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Home Inspections Avert Future Headaches
Suppose you bought a house and later discovered, to your dismay, that the foundation needs repair. Or suppose that when you fired up the furnace in the winter, you discovered a cracked heat exchanger leaking gas into your home. The best way to avoid unpleasant surprises like these is to arrange for a home inspection before you buy.
Home Inspections Help You Avoid Unpleasant Surprises
A good home inspection is an objective, top-to-bottom examination of a home and everything that comes with it. The standard inspection report includes a review of the home's plumbing and wiring; roof, attic, walls, ceilings, floors, windows, doors, foundation and basement.
Getting a professional inspection is crucial for older homes because age often takes its toll on the roof and other hard-to-reach areas. Older homes also tend to have code compliance issues, such as not having earthquake straps on the hot water heater, or spacing from stair rails being to far apart. Problems can also be the result of neglect or hazardous repair work, such as a past owner's failed attempt to install lights and an outlet in a linen closet.
Although home inspections for older homes is always a good idea, even new homes can have home inspections. In fact, new homes frequently have defects, whether caused by an oversight during construction or simply human error.
Getting an Inspector
Real estate professionals can usually recommend an experienced home inspector. Make sure to get an unbiased inspector. You can find one through word-of-mouth referrals, or look in the Yellow Pages or online under "Building Inspection" or "Home Inspection."
Home inspections are running around three to six hundred dollars, depending on the size of the house and location. You may find the cost of inspection high, but it is money well spent. Think of it as an investment in your investment – your future home.
Some builders may try to dissuade you from getting a home inspection on a home they've built. They may not necessarily be trying to hide anything because most builders guarantee their work and will fix any problems in your new home before you move in. Some builders, in fact, will offer to do their own inspections. But it’s best to have an objective professional appraisal - insist on a third-party inspector.
An Inspection Will Educate You about Your House
Education is another good reason for getting an inspection. Most buyers want to learn as much as they can about their purchase so they can protect their investment. An examination by an impartial home inspector helps in this learning process.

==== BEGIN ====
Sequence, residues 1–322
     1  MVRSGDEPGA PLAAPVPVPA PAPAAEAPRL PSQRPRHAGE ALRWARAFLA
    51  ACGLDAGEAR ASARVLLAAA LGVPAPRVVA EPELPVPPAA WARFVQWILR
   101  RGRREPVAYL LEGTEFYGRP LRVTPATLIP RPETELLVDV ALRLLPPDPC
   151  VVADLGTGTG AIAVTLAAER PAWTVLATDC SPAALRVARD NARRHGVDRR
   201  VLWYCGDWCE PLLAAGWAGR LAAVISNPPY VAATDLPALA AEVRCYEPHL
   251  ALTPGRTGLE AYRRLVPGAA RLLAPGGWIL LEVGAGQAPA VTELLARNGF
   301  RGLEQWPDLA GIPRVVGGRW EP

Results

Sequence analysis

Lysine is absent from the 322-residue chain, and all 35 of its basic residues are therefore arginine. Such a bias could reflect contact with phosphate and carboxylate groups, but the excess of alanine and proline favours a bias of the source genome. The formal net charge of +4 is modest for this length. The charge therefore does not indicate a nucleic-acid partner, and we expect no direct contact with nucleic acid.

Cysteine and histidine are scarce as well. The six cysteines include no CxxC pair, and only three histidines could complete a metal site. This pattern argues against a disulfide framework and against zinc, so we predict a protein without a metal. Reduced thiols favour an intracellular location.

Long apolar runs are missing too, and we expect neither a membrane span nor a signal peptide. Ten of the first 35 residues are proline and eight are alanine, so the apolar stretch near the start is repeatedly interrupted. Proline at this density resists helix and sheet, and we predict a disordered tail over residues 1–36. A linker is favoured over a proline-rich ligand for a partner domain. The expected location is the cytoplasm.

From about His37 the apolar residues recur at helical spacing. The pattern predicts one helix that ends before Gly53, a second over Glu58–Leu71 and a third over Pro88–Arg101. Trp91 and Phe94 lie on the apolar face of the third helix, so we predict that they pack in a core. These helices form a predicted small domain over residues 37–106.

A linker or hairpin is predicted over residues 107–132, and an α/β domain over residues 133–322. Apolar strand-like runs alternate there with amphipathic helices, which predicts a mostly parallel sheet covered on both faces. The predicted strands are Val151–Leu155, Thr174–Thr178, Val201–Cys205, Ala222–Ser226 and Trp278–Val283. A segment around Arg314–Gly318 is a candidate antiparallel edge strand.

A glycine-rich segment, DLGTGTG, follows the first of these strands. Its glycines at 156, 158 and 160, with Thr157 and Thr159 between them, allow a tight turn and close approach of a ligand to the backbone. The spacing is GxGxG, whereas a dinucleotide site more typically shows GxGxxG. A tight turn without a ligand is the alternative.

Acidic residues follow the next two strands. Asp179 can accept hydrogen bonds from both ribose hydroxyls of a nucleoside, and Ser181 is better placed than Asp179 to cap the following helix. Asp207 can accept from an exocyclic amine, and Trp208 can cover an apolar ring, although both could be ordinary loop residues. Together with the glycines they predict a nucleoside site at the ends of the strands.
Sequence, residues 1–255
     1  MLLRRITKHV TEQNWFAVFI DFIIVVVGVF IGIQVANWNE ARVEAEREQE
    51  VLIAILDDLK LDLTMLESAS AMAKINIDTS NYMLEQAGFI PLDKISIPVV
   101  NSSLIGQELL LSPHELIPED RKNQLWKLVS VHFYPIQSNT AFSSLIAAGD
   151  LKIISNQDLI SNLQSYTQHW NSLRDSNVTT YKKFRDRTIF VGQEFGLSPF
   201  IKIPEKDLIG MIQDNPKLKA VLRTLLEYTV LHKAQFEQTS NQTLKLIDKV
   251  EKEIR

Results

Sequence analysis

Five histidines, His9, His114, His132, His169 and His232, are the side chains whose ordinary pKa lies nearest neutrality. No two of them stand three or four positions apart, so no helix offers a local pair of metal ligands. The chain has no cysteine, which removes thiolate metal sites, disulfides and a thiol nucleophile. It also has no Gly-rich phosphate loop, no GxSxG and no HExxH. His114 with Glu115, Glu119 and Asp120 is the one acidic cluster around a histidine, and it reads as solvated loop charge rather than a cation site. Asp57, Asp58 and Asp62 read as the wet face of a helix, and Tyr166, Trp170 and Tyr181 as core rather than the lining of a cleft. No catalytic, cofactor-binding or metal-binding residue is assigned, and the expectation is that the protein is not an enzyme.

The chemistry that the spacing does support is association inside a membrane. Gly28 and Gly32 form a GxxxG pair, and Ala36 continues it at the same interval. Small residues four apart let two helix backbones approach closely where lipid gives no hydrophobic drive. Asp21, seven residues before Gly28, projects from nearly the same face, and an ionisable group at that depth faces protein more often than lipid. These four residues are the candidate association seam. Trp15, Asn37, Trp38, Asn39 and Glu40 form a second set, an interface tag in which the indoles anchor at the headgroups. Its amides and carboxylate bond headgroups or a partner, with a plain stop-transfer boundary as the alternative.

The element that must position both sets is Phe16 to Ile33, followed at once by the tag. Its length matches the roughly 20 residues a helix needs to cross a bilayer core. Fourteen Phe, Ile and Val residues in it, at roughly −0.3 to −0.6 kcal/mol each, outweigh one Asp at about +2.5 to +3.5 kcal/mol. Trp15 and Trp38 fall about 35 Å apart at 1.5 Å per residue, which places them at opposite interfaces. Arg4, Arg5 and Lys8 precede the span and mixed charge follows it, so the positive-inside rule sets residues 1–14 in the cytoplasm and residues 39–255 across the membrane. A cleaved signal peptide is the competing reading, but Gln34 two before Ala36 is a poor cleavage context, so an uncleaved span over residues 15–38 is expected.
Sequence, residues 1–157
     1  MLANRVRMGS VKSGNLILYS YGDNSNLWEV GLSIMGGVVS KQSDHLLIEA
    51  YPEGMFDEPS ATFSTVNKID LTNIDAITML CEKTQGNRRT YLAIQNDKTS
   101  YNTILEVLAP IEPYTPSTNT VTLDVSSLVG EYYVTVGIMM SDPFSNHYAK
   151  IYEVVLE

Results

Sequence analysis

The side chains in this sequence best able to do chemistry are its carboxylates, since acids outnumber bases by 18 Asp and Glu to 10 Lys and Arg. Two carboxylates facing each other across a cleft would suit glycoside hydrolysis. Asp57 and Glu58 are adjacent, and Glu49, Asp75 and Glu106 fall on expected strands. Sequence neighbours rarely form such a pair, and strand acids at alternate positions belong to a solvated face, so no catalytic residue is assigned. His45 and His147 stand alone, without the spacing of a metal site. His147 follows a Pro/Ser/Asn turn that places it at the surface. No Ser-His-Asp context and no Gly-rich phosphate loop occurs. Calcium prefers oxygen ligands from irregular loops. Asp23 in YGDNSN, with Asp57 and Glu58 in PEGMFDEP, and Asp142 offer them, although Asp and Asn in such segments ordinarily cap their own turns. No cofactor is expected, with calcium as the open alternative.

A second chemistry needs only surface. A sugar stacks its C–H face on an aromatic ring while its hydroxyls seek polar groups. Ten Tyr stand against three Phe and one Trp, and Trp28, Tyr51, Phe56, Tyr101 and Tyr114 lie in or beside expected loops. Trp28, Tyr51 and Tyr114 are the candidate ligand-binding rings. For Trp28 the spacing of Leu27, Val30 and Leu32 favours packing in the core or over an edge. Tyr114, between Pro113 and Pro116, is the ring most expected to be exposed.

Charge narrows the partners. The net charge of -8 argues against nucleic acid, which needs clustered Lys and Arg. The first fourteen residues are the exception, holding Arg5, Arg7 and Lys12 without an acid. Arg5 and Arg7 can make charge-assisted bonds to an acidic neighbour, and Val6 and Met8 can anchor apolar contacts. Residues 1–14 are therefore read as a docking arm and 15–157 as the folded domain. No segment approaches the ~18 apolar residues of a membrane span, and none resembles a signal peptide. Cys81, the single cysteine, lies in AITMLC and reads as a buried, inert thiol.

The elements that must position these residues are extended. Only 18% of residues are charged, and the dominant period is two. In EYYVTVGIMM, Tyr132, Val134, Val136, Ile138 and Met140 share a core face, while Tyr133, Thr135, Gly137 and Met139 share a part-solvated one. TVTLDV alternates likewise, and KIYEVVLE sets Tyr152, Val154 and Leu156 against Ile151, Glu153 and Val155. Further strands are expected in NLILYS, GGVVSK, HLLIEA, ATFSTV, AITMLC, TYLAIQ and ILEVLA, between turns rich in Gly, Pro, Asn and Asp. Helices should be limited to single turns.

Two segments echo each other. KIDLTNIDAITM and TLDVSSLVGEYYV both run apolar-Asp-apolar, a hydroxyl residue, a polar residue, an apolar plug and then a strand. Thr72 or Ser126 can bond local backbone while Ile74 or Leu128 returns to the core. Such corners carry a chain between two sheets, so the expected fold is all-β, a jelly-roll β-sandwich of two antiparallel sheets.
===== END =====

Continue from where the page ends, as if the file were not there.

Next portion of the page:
Ask if you can follow the home inspector on his or her rounds. Most inspectors are glad to share their knowledge, and you'll be able to ask plenty of questions.
Home inspectors usually have you sign a contract before the inspection, outlining what will be and what wont be covered. Usually, home inspectors do not inspect anything they cant see, which can sometimes be a concern when sellers houses are too cluttered or access to attics are not provided. Some items that home inspectors do not inspect do get written up in the report as something a buyer should get inspected by a specialist. The most common request home inspectors make is to get the homes heating system evaluated by a licensed and bonded heating specialist.
Good Realtors® will attend the home inspection with you and should be able to help ask questions about your new home, ensuring you get the most out of your inspection.
Inspection Timing and Results
Homebuyers usually arrange for an inspection after signing a contract or purchase agreement with the seller. The results may be available immediately or within a few days. The home inspector will review his or her findings with you and alert you to any costly or potentially hazardous conditions. In some cases, you may be advised not to buy the home unless such problems are remedied.
Although most purchase agreements include a clause for buyer and seller to agree on home repairs, you could include a clause in your purchase agreement that makes your purchase contingent upon satisfactory inspection results. If major problems are found, you can back out of the deal. If costly repairs are warranted, the seller may be willing to adjust the home's price or the contract's terms. But when only minor repairs are needed, the buyer and seller can usually work out an agreement that won't affect the sale price.